Observations on the origins of Septoria nodorum infection of winter wheat

A - Papers appearing in refereed journals

Jenkyn, J. F. and King, J. E. 1977. Observations on the origins of Septoria nodorum infection of winter wheat. Plant Pathology. 26 (4), pp. 153-160. https://doi.org/10.1111/j.1365-3059.1977.tb01053.x

AuthorsJenkyn, J. F. and King, J. E.

In field experiments with winter wheat in Hertfordshire, seed infection with Septoria nodorum and the incorporation of infected straw into seedbeds were often correlated with reduced seedling establishment and increased seedling infection. Artificially infected straw was a less effective source of inoculum than naturally infected straw, which gave rise to the most severe leaf symptoms in one season when heavy rain favoured the development of an epidemic. In an experiment where a severe epidemic did not develop, organomercury seed treatment was the most important factor increasing seedling emergence and grain yield, also apparently leading to decreased Septoria infection of the flag leaf sheath. Spores from lesions which developed after plots were sprayed with a suspension of pycnidiospores of S. nodorum were not always morphologically typical of that species.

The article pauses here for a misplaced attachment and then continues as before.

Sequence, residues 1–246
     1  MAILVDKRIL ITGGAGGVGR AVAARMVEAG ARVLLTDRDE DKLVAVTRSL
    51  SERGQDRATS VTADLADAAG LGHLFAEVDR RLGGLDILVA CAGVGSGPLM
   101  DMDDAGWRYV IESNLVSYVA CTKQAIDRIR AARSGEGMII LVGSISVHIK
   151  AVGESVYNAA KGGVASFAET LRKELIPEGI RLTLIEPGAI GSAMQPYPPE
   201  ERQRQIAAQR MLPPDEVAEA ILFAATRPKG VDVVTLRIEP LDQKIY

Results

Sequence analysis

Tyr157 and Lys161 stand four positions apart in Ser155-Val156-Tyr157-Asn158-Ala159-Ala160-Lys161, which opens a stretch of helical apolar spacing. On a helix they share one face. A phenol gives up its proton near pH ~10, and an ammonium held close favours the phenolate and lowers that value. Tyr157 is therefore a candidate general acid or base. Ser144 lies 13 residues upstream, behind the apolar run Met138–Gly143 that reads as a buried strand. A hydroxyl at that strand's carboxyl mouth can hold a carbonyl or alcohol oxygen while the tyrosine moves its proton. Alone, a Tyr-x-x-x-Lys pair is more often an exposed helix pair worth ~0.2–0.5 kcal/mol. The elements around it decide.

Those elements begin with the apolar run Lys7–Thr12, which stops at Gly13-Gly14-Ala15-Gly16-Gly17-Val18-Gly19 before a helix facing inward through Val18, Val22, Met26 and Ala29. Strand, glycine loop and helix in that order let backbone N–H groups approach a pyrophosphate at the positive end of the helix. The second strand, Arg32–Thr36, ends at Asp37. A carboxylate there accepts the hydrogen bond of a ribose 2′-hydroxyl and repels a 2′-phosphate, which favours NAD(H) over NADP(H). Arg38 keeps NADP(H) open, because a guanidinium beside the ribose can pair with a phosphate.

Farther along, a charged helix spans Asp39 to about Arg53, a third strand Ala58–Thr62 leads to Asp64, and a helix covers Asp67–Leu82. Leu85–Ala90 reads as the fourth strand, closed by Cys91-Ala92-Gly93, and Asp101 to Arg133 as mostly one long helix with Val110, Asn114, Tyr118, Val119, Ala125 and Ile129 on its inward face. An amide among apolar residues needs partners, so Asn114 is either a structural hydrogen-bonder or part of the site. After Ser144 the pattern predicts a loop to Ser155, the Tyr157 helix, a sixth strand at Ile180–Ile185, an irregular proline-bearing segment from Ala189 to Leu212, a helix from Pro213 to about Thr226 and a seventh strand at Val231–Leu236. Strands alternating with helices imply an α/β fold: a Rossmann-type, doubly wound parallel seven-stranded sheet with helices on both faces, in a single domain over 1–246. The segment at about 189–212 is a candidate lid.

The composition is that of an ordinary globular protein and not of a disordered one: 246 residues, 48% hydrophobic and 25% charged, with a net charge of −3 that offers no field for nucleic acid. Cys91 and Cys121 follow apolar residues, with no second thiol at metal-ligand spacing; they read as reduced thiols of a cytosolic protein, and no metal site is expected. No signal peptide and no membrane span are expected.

KeywordsAgronomy; Plant Sciences
Year of Publication1977
JournalPlant Pathology
Journal citation26 (4), pp. 153-160
Digital Object Identifier (DOI)https://doi.org/10.1111/j.1365-3059.1977.tb01053.x
Open accessPublished as non-open access
Output statusPublished
Publication dates
Print01 Dec 1977
Online05 Apr 2007
Copyright licensePublisher copyright

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